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The editorial criticism of two Bobs and Norm …

For the few regular readers of this blog about the environmental carnage and visual damage of trash, things are about to change. Big time.

And it has to do with editorial criticism.

There won’t be any mushy platitudes today about the self-serving valor of picking up litter. You’ll have to bear with me as we, together, slog through the longest blog post I’ve ever written. What you are about to read, if you have the gumption to stick with me, consumed my thoughts on every step of my 90 minute, four mile walk this morning.


In 1971, I became the news intern at KOLN/KGIN, a TV station in Lincoln, Nebraska. With an unheard of market share of more than 90%, it was the #1 rated CBS affiliate in the U.S. We crunched other stations throughout Nebraska and the northern tier of Kansas counties. (At roughly the same time, my good friend Mort valiantly played ratings catch-up in the newsroom of a competing NBC station in Hastings, Nebraska. He knew all too well of our unchallenged broadcast strength and dominance.)

The internship was a plum job for an uppity know-it-all kid from the School of Journalism at the University of Nebraska who rode his heavy steel-framed Schwin Continental bike two miles down Vine Street every day to the station since he didn’t have the pockets for even a junker car. To this day, I have absolutely no recollection how I landed such a good gig. It could be that, like Mort, I loved the news biz.

My job at first was to write the noon news, listen to police scanners, do assorted odd jobs (and there were plenty of those), and keep the Assoc. Press, United Press International and Reuters teletype wire machines stocked with yellow unlined paper and fresh purple ink carbon ribbons as well as ‘rip the wire.’ That meant using the sharp edge of a plexiglas plate to literally rip separate stories apart and sort them by local, state, regional or national and world topics. Anyone who worked in a newsroom back in the day likely, and very fondly, remembers the non-stop clackety-clack of those machines. It was one of the most glorious sounds a news woman/guy could ever hear. It meant you were in a real, honest-to-God newsroom.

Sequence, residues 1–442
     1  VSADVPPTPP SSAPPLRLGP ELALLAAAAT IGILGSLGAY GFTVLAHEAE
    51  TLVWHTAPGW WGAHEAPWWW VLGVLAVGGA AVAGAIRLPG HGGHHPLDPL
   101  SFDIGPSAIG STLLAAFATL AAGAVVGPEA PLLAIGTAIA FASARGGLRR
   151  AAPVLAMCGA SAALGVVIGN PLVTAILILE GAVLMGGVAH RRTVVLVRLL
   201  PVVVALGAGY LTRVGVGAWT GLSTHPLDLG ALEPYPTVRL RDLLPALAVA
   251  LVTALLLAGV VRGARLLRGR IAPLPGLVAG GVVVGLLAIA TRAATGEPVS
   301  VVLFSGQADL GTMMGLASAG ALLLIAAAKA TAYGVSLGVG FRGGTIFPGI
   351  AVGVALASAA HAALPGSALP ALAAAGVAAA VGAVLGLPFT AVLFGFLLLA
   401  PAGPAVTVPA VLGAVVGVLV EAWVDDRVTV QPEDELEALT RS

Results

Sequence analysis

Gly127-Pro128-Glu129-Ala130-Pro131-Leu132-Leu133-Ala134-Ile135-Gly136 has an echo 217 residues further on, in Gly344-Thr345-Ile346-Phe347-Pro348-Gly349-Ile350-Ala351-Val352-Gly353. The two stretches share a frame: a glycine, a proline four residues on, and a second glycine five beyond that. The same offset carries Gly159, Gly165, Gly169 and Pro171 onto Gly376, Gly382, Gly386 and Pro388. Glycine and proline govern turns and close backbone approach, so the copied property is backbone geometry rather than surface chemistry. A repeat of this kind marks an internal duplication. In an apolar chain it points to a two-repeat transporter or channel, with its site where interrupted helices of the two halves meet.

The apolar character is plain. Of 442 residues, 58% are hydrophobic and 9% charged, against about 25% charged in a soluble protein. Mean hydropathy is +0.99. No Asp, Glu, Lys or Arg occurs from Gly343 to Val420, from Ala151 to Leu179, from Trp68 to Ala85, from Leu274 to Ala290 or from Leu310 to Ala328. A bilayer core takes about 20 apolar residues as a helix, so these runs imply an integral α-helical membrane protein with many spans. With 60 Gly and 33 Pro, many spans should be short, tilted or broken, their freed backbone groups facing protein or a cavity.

My boss was the News Director and one of only two anchors the station had ever had since it went on the air in the late 1940s. He was Bob Taylor, a fixture in news broadcasting and a true dyed in the wool news guy. He was the trusted Walter Cronkite for Nebraskans. Bob was a short, thin, chain smoker. He was incredibly handsome and had coifed hair before it became the norm. His co-anchor at the time before happy talk wrongly took over newscasts was Mel Mains, who sported jet black hair (combed back in Elvis style) that perfectly fit his narrow, gaunt face. Mel’s penchant for thin lapel black suits and his unemotional baritone teleprompter-less news delivery, sans mannerisms or gestures, reminded me of an undertaker moonlighting as a news reader.